My in-tray has been hot today with questions about the reported EDS Ministry of Defence data breach. In fact, there’s nothing here that’s either new or unexpected. It’s just a regular security incident demonstrating, yet again, that our information security falls way behind the business and consumer expectations.
And this trend will continue because of several factors. Firstly, the protection we give to personal information does not reflect its current value. That’s essentially a legacy, catch-up problem. We’ll all get there eventually, as we gradually recognise that personal data is like hard cash. But don’t expect it to be resolved in the next year. These lessons take a long time to learn.
Secondly, the solutions space is much more complex than it seems. Moving to a regime of encryption, rights management and data leakage prevention as a standard practice is far from easy. It requires considerable planning, policy and technology. We can’t implement these solutions overnight. They require, for example, major adjustments to security classification systems (if you actually have one) and security architectures (again, if you actually have any of them).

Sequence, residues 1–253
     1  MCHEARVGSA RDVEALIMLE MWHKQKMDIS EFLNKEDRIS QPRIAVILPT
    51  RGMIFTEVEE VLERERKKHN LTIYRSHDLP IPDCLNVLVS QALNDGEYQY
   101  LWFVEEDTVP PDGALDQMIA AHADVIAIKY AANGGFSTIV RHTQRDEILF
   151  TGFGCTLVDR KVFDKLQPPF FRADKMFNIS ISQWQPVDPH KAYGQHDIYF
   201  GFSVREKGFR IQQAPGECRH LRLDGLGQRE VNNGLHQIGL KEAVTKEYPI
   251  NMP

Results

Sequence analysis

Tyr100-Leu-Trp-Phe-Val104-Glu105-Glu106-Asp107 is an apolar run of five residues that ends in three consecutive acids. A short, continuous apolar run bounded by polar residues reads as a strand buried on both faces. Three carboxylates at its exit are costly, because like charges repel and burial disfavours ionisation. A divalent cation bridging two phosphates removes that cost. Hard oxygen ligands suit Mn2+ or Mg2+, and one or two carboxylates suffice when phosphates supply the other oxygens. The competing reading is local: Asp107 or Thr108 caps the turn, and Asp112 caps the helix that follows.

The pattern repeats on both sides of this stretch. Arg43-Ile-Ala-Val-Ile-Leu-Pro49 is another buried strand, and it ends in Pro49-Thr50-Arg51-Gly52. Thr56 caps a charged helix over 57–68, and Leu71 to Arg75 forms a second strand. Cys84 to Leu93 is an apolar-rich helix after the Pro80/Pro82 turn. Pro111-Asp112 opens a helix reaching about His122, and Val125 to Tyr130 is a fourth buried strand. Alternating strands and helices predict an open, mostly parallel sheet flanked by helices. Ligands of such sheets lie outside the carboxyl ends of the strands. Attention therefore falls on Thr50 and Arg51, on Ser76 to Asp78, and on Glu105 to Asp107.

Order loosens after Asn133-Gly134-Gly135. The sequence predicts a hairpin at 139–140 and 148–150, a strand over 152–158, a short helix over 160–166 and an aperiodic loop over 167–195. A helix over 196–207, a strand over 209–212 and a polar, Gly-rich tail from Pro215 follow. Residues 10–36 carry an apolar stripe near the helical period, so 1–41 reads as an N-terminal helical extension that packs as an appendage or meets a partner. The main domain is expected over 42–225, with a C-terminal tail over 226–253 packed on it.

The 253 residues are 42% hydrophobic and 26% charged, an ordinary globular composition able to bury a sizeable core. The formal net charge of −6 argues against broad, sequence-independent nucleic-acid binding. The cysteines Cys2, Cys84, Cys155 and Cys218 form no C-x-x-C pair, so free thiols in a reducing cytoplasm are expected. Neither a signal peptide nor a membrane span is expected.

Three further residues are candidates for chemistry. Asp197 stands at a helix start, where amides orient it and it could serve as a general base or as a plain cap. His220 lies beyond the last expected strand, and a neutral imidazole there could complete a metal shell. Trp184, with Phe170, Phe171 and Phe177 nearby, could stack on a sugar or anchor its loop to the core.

And, thirdly, we have no significant budgets and very little idea about how to deal with the “layer eight”, “wet ware”, people issues: how to respond to the mass of personal mistakes, accidents, lies and frauds that continuously occur in all organisations. These are the events that we fail to see them, or perhaps turn a blind eye to. This problem, of course, will all be addressed in detail in my new book on “Managing the Human Factor in Information Security” due out in January 2009. Amazingly it’s the first major book on the subject. That says a lot for a subject area that’s been around for several decades.
Back in the early 90s, in Shell, for example, we employed behavioral psychologists and creative teams to help address this area. Unfortunately, this seems to have been the peak of effort in this area. The state of the art has stood still since then. I’ve long been advising organisations to spend at least 10% of their security budget on security education. But they don’t. And if you look at the agenda for forthcoming conferences, such as RSA 2009, you’ll find not a mention of the subject. Our thought leaders are failing to provide the guidance we all need in this area.
So expect this problem to get increasingly worse until organisations realise they have serious policy, governance and implementation weaknesses in this area. And don’t expect a quick fix. It’s a complex problem space, and an even more difficult solutions space.